“Indonesia and South Africa share one common trait which is diversity,” were the opening remarks of Suprapto Martosetomo, ambassador of the Embassy of Indonesia to South Africa. The ambassador drew parallels between the two republics at a public lecture hosted by the Department of Political Studies and Governance at the University of the Free State Bloemfontein Campus on 10 May 2016.

Professor Ikrar Nusa Bhakti, Research Professor in the Indonesian Institute of Sciences, presented the lecture on “Managing Political Diversities: The Indonesian Experience.” He outlined the history of Indonesia’s political and economic development, political system, and government’s policy in dealing with political and economic challenges, as well as the lessons learned from its experience.

Diversity and governance
As is South Africa, Indonesia is a ‘rainbow nation’. Being the largest country in the Southeast Asia, it boasts a population of approximately 250 million people, 300 ethnic groups, and 650 local languages. However, despite such diversity, the nation has been united behind the motto of “unity in diversity”, which was adopted when Indonesia proclaimed its independence in 1945.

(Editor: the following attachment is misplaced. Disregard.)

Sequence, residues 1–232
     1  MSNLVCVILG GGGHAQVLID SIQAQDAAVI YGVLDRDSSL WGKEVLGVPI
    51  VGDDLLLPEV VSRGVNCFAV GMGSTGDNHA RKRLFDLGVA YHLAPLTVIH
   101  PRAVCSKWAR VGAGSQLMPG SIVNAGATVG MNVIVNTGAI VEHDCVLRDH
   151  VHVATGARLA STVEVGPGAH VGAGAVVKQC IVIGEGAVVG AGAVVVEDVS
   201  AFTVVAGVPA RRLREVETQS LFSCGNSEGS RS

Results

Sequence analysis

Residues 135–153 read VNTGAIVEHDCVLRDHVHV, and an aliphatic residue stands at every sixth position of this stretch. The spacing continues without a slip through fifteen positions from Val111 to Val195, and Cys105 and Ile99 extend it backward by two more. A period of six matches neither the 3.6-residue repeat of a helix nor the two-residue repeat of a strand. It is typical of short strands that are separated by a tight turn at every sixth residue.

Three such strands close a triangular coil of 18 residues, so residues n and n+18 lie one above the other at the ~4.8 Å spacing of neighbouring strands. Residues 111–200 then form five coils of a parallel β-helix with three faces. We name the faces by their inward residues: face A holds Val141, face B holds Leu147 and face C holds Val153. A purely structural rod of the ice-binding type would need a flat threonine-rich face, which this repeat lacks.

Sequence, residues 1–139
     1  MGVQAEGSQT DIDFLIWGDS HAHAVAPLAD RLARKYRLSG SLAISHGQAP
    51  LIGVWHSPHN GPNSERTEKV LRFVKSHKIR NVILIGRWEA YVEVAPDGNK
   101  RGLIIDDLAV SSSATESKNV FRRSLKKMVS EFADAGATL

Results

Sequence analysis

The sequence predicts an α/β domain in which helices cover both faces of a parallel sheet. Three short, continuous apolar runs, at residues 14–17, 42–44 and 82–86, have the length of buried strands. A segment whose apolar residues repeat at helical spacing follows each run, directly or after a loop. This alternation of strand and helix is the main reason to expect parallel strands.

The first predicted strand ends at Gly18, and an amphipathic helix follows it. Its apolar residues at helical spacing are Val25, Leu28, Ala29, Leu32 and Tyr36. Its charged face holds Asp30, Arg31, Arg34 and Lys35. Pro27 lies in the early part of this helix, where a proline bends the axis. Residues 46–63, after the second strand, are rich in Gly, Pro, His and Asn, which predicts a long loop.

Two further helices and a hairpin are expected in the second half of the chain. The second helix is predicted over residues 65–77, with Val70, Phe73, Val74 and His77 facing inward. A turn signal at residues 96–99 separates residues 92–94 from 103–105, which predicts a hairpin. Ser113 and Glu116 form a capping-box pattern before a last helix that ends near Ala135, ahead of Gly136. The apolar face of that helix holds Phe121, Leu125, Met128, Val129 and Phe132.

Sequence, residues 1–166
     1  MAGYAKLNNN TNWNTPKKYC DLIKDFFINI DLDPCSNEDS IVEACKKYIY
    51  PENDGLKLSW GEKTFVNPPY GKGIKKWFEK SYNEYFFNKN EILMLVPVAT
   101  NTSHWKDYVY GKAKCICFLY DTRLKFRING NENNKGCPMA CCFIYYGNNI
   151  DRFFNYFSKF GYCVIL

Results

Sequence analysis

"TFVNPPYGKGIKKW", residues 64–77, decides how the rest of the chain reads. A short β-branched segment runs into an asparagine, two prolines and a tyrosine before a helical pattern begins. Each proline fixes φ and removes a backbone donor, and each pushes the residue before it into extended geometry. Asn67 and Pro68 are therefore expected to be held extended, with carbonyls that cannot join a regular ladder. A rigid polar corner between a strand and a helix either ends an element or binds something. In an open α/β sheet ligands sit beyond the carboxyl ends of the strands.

Indonesia and SA also bear similarities in terms of a multiparty parliamentary system. Their current Joko Widodo and our Jacob Zuma administrations are governed by policies including anti-corruption, economic prosperity, equity and equality, quality education and healthcare, and maintenance of security.

International relations
The two countries have a long-standing relationship since 1955 when the Asia-Africa conference was held in Bandung, Indonesia. The conference represented solidarity against colonisation.

Prof Hussein Solomon, Senior Professor at the UFS Department of Political Studies and Governance, attributes Indonesia’s success as a product of education and leadership - something South Africa could learn from..“Indonesia like SA has been struggling with how to balance social diversity, democracy, and a political system. Despite this, they have managed to develop a functioning democracy and a vibrant economy. They are one of the top 20 economies in the world, and by the year 2035 will be in the top seven economies in the world, according to the Goldman Sachs, report,” he said.